These 7 Masterful Munshi Premchand Stories Are Truly Heart-Rending

Regarded as one of finest ever writers of the country, Munshi Premchand has undoubtedly left a monumental impact on Indian literature. Pemchand’s stories – mostly set in the pre-Independence era – depicted important socio-economic and cultural evils plaguing India in very deft and poignant ways.

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Premchand’s stories were disturbingly real and moving and had a way of connecting to people directly. His countless stories have stood the test of time and are relevant even in today’s times. Here, we have selected seven masterful stories by Munshi Premchand that are truly heart-rending.

Idgah: Undoubtedly, one of the most renowned stories of Premchand, Idgah is simple and heartwarming story of a child who goes to the village fair and instead of bringing any toys or sweets for himself, he brings a pair of tongs for his grandmother. He does so because he does not want her to bur her fingers while cooking rotis. The story is moving and shows the deep bond between the little boy and his grandmother very poignantly while teaching us about love and hardships in a very subtle manner.

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Karmbhoomi: A true master class, Karmbhumi depicts the journey of Amarkant. A bright man with his own ideals, Amarkant leaves his parents’ house when his father refuses to accept the love of his life, Sakina. Amarkant then wanders around different villages until he comes across one village of untouchables. This has a profound effect on him and he goes on to adopt the village eventually and begins teaching the children of those untouchables. Amarkant also helps the village folks in different ways and the bond he begins to build with them is superbly portrayed.

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Godan: Perhaps one of the most talked about novels of Premchand, Godan was extremely significant it its times because it talked about the socio-economic awareness prevailing our country then. The basic premise of the story centers on an old, poor couple – Hori and Dhania – and the significance of a cow to them. Through their story, the writer depicts the woeful conditions of the Indian poor, lower caste people in the British raj. This pioneering book had an overwhelming effect on Indian readers and was later adapted for film and TV as well.

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Nirmala: Like most Premchand stories, this too told a heartwarming tale. Only this time, the protagonist was a woman named Nirmala. Through the lead character, the author portrays how the social evil of dowry and the custom of marrying off young girls to much older men were gnawing at the country. So we see a 15-year-old Nirmala married to a man who is 20 years older than her. How Nirmala copes with her husband, his sons and the daughter who is later born to her, forms the rest of the story. This is a very real and sad tale which leaves you thinking.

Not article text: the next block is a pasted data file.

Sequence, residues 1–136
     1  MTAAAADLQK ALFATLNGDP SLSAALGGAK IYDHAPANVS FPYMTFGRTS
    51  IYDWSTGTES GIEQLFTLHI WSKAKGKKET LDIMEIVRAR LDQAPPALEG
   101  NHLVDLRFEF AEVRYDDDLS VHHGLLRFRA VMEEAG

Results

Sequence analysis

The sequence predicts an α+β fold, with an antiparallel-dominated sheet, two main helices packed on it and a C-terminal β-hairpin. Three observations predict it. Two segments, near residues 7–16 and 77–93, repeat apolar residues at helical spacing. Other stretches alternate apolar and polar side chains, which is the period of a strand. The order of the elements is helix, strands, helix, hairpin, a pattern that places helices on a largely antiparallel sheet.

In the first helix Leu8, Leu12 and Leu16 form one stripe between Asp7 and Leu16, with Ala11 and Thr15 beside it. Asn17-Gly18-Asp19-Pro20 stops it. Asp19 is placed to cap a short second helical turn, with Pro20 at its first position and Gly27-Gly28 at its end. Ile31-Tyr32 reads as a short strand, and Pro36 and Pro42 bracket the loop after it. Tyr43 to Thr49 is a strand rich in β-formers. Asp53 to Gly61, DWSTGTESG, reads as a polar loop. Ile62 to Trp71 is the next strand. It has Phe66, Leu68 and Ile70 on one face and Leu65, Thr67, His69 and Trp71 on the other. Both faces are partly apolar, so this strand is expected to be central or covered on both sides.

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Shatranj Ke Khiladi: A story that legendary filmmaker Satyajit Ray adapted into a film, Shatranj Ke Khiladi perhaps does not get as much acclaim as Premchand’s other works but is still a splendid tale. The story centers around two indolent aristocrats of Awadh, Mirza Sajjad Ali and Mir Roshan Ali, during the British era. To kill time and to avoid their responsibilities, the two play chess all the time. So absorbed are they in their game that they fail to notice anything happening around them. In the end, the game consumes them both in a fatal way. A captivating story told masterfully.

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Gaban: Narrating the story of a newly married couple, Ramnath and Jalpa, Gaban is one of the most illustrious works of Premhcand. Ramnath here is shown to be a man susceptible of his wife’s demands for endless jewelry and because of it ends up in severe economic crisis. He also messes up his personal relationships because of this and eventually becomes a loner. This is a classic story of how lust and acquisitiveness can destroy one completely. Though set in a pre-independence era, the story rings true today as well.

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Nasha (Short Story): This delightful little short story is centered on two best friends Ishwari – the son of a rich landlord – and Bir– a poor clerk. Bir is fiercely critical of landlords while Ishwari keeps defending them. Once, Iswari invites Bir to his palatial home. There, Bir is enamored by the affluent lifestyle that Bir has and the luxurious way he is treated. Slowly and steadily, Bir begins to get influenced by this lavish way of life and it gets to his head. How this intoxication then wears off and realization dawns in is beautifully depicted. A story that can easily be related to today as well, Nasha’s plot has several significant facets like hypocrisy and the sway of money which are worth noting.

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What is your favourite Munshi Premchand story? Let us know in the comments below.

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A hardcore cricket fanatic, I am a journalism graduate and work as the Editor at a book packaging house in Kolkata. I write for a national sports magazine, Cricket Today, and a couple of other websites along with regular blogs on varied issues.